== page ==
We have a huge renovation project for the many years we plan to live here. I’m finding the house to be a good conversation piece and think in the midst of some renovations I may just leave a crocked arch as a reminder of what happened to our homes during the dreadful years of mortgage fraud in the West End.

Here are few pics of views I enjoy. I’ll have some inside pics soon- right now you wouldn’t see anything  except boxes.

“Keep the Momentum Going”

NAR President Charles McMillan said Congress needs to keep the momentum going. “Even with a good recovery taking place, the market is not yet back to normal. With a gradual absorption of inventory, we are on the cusp of a general stabilization in home prices,” he said.

“To ensure that housing has a broad stimulus to the overall economy and stays on sound footing, we’re encouraging Congress to extend the tax credit into 2010, and to expand it to all buyers of primary residences. The faster we stabilize home prices, the fewer families will face foreclosure and the quicker credit can be extended to other sectors of the economy,” McMillan said.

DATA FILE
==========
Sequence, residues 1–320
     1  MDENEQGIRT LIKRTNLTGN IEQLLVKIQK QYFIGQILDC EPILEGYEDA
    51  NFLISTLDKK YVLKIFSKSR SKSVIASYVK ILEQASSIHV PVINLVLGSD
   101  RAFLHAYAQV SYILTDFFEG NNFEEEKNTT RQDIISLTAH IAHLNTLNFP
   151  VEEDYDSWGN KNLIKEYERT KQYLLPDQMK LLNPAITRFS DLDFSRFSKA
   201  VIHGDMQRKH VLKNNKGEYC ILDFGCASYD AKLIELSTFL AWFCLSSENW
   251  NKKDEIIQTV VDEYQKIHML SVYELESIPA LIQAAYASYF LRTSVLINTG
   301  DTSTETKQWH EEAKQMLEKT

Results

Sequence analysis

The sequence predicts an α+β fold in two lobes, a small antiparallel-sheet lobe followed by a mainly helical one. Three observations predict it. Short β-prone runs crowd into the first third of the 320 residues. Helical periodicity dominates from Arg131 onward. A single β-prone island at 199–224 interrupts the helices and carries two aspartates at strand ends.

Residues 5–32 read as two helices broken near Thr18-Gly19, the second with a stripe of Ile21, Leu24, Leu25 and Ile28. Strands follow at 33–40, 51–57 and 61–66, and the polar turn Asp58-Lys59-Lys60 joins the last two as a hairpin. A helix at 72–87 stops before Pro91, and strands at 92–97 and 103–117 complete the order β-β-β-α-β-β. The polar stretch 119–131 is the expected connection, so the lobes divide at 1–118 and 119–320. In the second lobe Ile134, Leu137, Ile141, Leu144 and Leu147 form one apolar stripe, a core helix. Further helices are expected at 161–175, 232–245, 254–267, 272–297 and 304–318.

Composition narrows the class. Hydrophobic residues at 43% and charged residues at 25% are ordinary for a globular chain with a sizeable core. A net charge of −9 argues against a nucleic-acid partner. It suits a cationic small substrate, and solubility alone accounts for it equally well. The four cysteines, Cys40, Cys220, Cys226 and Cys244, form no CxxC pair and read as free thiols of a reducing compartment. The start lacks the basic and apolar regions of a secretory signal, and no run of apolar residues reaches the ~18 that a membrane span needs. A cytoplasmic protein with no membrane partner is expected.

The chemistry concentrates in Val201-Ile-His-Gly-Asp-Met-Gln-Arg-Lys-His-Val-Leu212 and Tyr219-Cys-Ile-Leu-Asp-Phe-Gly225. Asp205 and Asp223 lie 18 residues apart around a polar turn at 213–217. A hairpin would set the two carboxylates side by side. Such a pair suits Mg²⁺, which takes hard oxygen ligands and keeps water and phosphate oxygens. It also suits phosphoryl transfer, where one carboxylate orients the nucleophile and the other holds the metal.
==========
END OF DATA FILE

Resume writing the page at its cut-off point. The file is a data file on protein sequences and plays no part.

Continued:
NAR’s Housing Affordability Index stood at 158.5 in July, below the peak set in April but is still 36.0 percentage points higher than a year ago. The HAI is a broad measure of housing affordability using consistent values and assumptions over time, which examines the relationship between home prices, mortgage interest rates, and family income.

Yun expects existing-home sales to rise through the fourth quarter. “Unless the tax credit is extended, no one should be surprised to see home sales drop in the first quarter of next year,” he said. “However, the fundamentals of the housing market and the economy are trending up, and we expect home sales to generally pick up in the second quarter of 2010. The buyer psychology may be shifting from, ‘Why buy now when I can purchase later?’ to ‘I don’t want to miss out on a recovery.’”